2019 — Q2W15 — Success
Could it be that we have been getting wrong advice all along?
How to succeed by working hard. How to succeed by not even trying. How to succeed by doing what others have done… New lists, methods and books keep popping every day. Here is my take on it.
The quality of your learning indicates whether your endeavours will succeed. And that’s not the learning your teacher prescribed.
When young, we are told to study hard at school to succeed. As we grow, we see that success in school does not necessarily predict success in life. Yet, a recent article of MIT Technology Review, “How the data mining of failure could teach us the secrets of success”, clearly brings back the connection between success and learning. But not just any learning.
The researchers proved through big data what we’ve known all along. “Neither chance nor learning alone can explain the empirical patterns underlying failures”. Yet, they found a clear connection between the level of learning from experience and success and failure.
When the level of learning from experience is below some threshold, you are doomed to fail. And vice-versa. When the level of learning from experience is above a certain threshold, you will eventually succeed.
Learning from experience is not something we should take for granted. Two things are important here. First, how we learn from experience and what are the types of our experiences. A lot can be said on how we can learn from experience. The most important boils down to learning to reflect on experiences and listen to our intuition.
As far as types of experiences, Warren Bennis and Robert J. Thomas nailed the term “Crucibles of Leadership” 15 years ago. According to them, “one of the most reliable indicators and predictors of true leadership is an individual’s ability to find meaning in negative events and to learn from even the most trying circumstances. Put another way, the skills required to conquer adversity and emerge stronger and more committed than ever are the same ones that make for extraordinary leaders.”
They go on to say that learning from difference is by far the most important. “A crucible is, by definition, transformative experience through which an individual comes to a new or an altered sense of identity. It is perhaps not surprising then that one of the most common types of crucibles we documented involves the experience of prejudice. Being a victim of prejudice is particularly traumatic because it forces an individual to confront a distorted picture of him- or herself, and it often unleashes profound feelings of anger, bewilderment, and even withdrawal. For all its trauma, however, the experience of prejudice is for some a clarifying event. Through it, they gain a clearer vision of who they are, the role they play, and their place in the world.”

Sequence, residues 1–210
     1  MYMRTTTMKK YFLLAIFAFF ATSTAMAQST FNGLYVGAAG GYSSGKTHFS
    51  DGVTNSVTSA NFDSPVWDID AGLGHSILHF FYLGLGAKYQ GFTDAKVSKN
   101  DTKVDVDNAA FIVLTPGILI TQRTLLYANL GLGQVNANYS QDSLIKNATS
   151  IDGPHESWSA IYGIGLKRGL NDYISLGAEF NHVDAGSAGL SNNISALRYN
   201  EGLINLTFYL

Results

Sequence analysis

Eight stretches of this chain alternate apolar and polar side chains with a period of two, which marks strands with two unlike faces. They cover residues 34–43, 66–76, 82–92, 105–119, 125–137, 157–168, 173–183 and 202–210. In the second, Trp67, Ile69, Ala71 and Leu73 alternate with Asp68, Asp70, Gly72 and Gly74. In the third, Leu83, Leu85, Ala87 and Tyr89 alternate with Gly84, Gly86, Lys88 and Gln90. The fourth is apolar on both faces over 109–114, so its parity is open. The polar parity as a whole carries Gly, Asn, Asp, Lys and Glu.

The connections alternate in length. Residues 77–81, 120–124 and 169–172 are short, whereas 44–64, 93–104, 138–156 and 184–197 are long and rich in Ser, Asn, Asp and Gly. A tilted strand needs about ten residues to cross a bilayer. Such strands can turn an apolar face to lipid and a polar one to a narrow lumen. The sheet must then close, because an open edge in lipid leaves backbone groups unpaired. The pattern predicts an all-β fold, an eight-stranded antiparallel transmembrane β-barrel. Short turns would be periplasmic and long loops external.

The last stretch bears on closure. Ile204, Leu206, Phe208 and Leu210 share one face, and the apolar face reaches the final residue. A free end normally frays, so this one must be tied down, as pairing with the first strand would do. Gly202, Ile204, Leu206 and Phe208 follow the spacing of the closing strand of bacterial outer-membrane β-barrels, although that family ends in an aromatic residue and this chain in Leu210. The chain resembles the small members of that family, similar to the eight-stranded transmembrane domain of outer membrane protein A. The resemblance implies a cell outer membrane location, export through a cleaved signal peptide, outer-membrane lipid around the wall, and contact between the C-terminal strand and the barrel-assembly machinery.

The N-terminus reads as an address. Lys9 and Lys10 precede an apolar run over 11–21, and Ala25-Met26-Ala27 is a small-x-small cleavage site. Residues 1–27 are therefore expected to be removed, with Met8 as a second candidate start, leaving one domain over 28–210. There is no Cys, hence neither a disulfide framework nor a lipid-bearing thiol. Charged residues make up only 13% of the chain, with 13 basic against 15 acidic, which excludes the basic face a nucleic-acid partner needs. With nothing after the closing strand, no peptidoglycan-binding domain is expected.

I was recommended this article when taking a course in Authentic Leadership at the Copenhagen Business School. I loved it then because it helped me make sense of the crucibles in my life. By rereading it now I see the much bigger effect this concept had on me. And, here comes my next point.
Your success is defined by how good you are at mastering seemingly opposite aspects.
According to Travis Bradberry, it’s about being passionate and rational, convergent and divergent, energetic and calm, liking work and play, ambivert (both introverted and extroverted), naive and smart, humble and proud.
I could not agree more. And to make things more complex, the list is endless: tough and empathetic, rational and intuitive, spiritual and scientific, mastering your female and male sides, youthful and wise, team player and a leader, business-like and artistic, commercial and authentic, risk-taking and safe, decisive and collaborative, techy and fuzzy and so on. The bottom-line is that rather than being an either-or choice, it is about mastering seemingly opposite aspects. By far my favourites are: committed and flexible and patient with a sense of urgency.
Ta-dah! Here comes my formula for success.
If you are following my blog, you know how inspired I am by this theme. I would expand here on the definition I have given in my article “The Intelligence of the Opposites”.
To succeed, we need to keep creating opportunities to experience the transformative tension of what we perceive to be opposite to us people or opinions, and learn from them. And second, we need to master what we perceive to be opposite qualities and competencies.
So, next time someone tells you how important it is to be persistent to succeed, tell them it’s equally important to know when to stop. If they tell you it’s important to network and you should “never eat alone”, tell them it’s equally important to spend time alone and reflect. And next time you feel you are failing or someone tells you are, remember: if you have learnt something from that experience, you are one step closer to success than you were.
Check other weekly inspirations of mine.